United States

They were diagnosed with uterine cancer and tumors. Now they’re suing the makers of chemical hair straighteners.

Hair products such as dye and chemical straighteners/relaxers contain a number of chemicals that may act as carcinogens or endocrine disruptors and thus may be important for cancer risk, White said. Straighteners in particular have been found to include chemicals such as phthalates, parabens, cyclosiloxanes and metals and may release formaldehyde when heated, she said. L’Oréal did not return a request for comment as to whether its products could or did include these ingredients. The researchers did not collect information on brands or ingredients in the hair products the women used.

Rates of uterine cancer are still relatively low, accounting for 3.4% of estimated new cancer cases this year, according to the National Cancer Institute. Rates of uterine cancer in the U.S. have been increasing, however, especially among Black women. White said the study showed Black women were disproportionately more likely to use hair straighteners. The study found that 1.64% of women who never used chemical hair straighteners or relaxers would go on to develop uterine cancer by the age of 70, and for frequent users, that risk more than doubles, increasing to 4.05%.

In a statement, L’Oréal said it is “confident in the safety of our products and believe the recent lawsuits filed against us have no legal merit.”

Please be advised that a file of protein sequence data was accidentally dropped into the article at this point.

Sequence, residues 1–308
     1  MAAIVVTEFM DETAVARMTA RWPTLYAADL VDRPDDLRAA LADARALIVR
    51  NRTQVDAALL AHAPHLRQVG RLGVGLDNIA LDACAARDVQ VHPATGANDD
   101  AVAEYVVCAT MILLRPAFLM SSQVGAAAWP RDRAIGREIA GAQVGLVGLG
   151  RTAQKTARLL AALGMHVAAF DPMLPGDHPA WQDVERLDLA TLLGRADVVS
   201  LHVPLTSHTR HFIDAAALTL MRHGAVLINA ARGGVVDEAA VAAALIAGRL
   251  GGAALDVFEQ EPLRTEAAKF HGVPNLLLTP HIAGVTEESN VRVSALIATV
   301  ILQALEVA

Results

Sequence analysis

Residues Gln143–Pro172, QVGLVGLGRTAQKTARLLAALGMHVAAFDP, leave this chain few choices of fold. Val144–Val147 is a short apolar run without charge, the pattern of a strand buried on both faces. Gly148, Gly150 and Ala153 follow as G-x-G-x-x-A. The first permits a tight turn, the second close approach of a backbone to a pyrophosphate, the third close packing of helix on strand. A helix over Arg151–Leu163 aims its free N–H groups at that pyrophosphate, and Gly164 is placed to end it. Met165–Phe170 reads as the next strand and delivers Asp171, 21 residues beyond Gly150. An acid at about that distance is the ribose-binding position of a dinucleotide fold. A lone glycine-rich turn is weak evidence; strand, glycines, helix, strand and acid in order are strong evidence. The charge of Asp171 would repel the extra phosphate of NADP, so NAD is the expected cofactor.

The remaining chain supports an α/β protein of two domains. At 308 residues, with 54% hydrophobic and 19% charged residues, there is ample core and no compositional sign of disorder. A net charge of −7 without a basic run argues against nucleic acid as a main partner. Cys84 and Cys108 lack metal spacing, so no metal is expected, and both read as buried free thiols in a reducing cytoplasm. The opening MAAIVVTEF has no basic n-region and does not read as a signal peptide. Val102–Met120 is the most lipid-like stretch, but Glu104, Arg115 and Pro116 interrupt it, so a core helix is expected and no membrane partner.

“L’Oréal upholds the highest standards of safety for all its products,” the company said. “Our products are subject to a rigorous scientific evaluation of their safety by experts who also ensure that we follow strictly all regulations in every market in which we operate.”

L’Oréal also shared a statement from the Personal Care Products Council, a national trade association representing cosmetics and personal care products companies, in response to the study, stating that the study did not prove that the products or their ingredients directly caused uterine cancer. It also states that all cosmetics products and their ingredients, including hair straighteners and relaxers, are regulated by the Food and Drug Administration.

The other companies named in the lawsuits did not return requests for comment. The women are seeking compensatory damages, as well as payment for medical bills, attorneys fees and other expenses.

Rugieyatu Bhonopha, 39, of Vallejo, California, and Jenny Mitchell, 32, a Missouri resident whose plans to have children were dashed when she was diagnosed with uterine cancer at 28 and underwent a hysterectomy, both have filed lawsuits. They, like the other women, said they used chemical hair straighteners because they felt societal pressure — including from employers — to wear their hair straight and to try to meet white beauty standards. This has changed over time as more women embrace their natural hair textures and wear natural hairstyles.

“I have to worry about whether or not I’m going to get it again, if it’s going to come back in a different form,” Mitchell said. “Once you have uterine cancer, you can be more susceptible to colon cancer or to breast cancer. A lot of people don’t know that.”

Bhonopha, whose lawsuit was filed Oct. 21, believes her fibroids were directly caused by her regular and prolonged exposure to phthalates and other endocrine disrupting chemicals found in the hair care products she used. 

“It’s a hard thing to have to come to the realization that you’re dealing with fibroids, pregnancy loss,” she said. “And you had no inkling that these products were dangerous, you didn’t know that any of these harmful products were in it. Obviously, you wouldn’t have used them if you knew.”

Civil rights attorney Benjamin Crump, who is also representing Mitchell and Gordon, said the lawsuits are about bringing awareness and getting these products off of store shelves.

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